Jim Pickett, senior director of prevention, advocacy and gay men’s health at the AIDS Foundation of Chicago, said these cases illustrate the stigma to which people living with HIV are still subjected, despite decades of medical advancements. He said the fear that working with an HIV-positive police officer or airman will make their co-workers vulnerable to transmission is “based on pure ignorance and discrimination.”
“It's not based on science,” he said. “HIV is not easily transmittable.”
According to the Centers for Disease Control and Prevention, it is “extremely rare” for individuals to contract HIV in the workplace. A guide to occupational HIV exposure posted on its website cautions that risk of transmission “varies by the type of exposure” but says, for instance, that the incidence of spreading HIV by being “splashed with body fluids” is “near zero.” Even among health care workers, arguably the most at-risk group for occupational HIV transmission, there have been only 58 confirmed cases ever in the United States.
It’s even less likely for individuals living with HIV to transmit the virus to another person if they are taking daily medications to suppress the virus. According to the Joint United Nations Program on HIV and AIDS, studies show that people who are undetectable, meaning that their viral load is so low it cannot be detected through HIV testing, “cannot transmit HIV sexually.”
But Pickett explained that despite these facts, it has been “very hard” for advocates to change “entrenched” beliefs about HIV dating back to the early days of the crisis, particularly the idea that people living with the virus are “dirty and bad."
“There’s still this strong segment of society where facts don't matter,” he said. “We can see this with anti-vaxxers and climate denialists, and we can see this with people right now who are going out and fighting public health authorities and governors to open up the economy because they think the coronavirus is an overblown hoax.”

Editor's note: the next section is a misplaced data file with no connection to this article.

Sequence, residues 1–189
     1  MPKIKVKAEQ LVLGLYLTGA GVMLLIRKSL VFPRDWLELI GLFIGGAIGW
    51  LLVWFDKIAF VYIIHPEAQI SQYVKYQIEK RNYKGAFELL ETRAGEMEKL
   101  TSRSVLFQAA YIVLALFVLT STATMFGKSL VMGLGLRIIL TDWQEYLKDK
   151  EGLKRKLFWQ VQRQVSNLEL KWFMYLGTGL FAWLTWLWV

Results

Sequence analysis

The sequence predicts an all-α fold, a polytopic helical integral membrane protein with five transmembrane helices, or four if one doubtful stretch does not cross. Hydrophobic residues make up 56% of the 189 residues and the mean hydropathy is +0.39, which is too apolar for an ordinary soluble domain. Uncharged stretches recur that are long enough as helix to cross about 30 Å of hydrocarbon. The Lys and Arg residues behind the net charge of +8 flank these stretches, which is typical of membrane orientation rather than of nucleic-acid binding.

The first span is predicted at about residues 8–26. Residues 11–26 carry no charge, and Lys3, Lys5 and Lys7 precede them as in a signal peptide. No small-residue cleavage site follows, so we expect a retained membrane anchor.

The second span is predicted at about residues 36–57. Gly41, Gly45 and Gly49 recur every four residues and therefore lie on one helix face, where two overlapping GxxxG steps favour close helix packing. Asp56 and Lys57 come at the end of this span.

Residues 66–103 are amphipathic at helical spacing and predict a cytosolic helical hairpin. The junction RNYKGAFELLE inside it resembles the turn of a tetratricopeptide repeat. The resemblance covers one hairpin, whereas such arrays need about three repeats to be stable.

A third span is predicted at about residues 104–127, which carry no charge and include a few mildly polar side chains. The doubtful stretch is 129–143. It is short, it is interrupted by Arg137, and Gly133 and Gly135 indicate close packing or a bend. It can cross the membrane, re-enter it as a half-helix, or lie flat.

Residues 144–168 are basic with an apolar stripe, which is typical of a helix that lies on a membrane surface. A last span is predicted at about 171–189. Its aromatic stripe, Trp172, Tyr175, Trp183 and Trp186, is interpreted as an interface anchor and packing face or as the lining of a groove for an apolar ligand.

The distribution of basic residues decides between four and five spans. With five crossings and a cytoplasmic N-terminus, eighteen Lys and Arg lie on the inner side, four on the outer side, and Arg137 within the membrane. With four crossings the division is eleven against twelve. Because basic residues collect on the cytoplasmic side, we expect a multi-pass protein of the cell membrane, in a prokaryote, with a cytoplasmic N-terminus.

Experts said these misconceptions about HIV and those affected by the virus will continue to prevent people from speaking out about the routine discrimination they experience. Aisha Davis, director of policy at the AIDS Foundation of Chicago, said it’s “really difficult to know exactly how many people” are experiencing targeted bias in their places of employment because these individuals are often “suffering in silence” to avoid bringing “more attention to themselves.”
“When you’re talking about a population of people who already fight stigma on a day-to-day basis, there’s an acceptance of a certain amount of discrimination that they experience,” Davis told NBC News. “The assumption is usually that this is something that everyone experiences. It’s terrible, but it’s the status quo.”
Despite federal protections under the Americans With Disabilities Act regarding workplace discrimination, many states still have decades-old laws on the books criminalizing the transmission of HIV between sexual partners. According to a 2017 report from the legal advocacy group Center for HIV Law and Policy, 36 states had some form of legislation on the books mandating a misdemeanor or a felony charge for exposing another individual to HIV. Davis said these kinds of laws, although seemingly unrelated to workplace discrimination, can erode the faith of people living with HIV that their state and federal governments are on their side, even in areas where they are protected.
“A lot of people don’t think that the policy or the regulation is actually going to protect them, so we need cases like these,” she said of the lawsuits brought by Pierce and the airmen. “We need to see these wins, and we need to amplify these wins, because people need to know that it’s not just a pretty piece of paper or some really nice words. We need to know that it’s something that every person has access to.”
Schoettes said he hopes the two cases send a message to people living with HIV and prospective employers that not only is it illegal to refuse to hire someone based on their HIV status, but it’s also irrational.
“A person living with HIV is capable of doing any job in the world safely,” he said.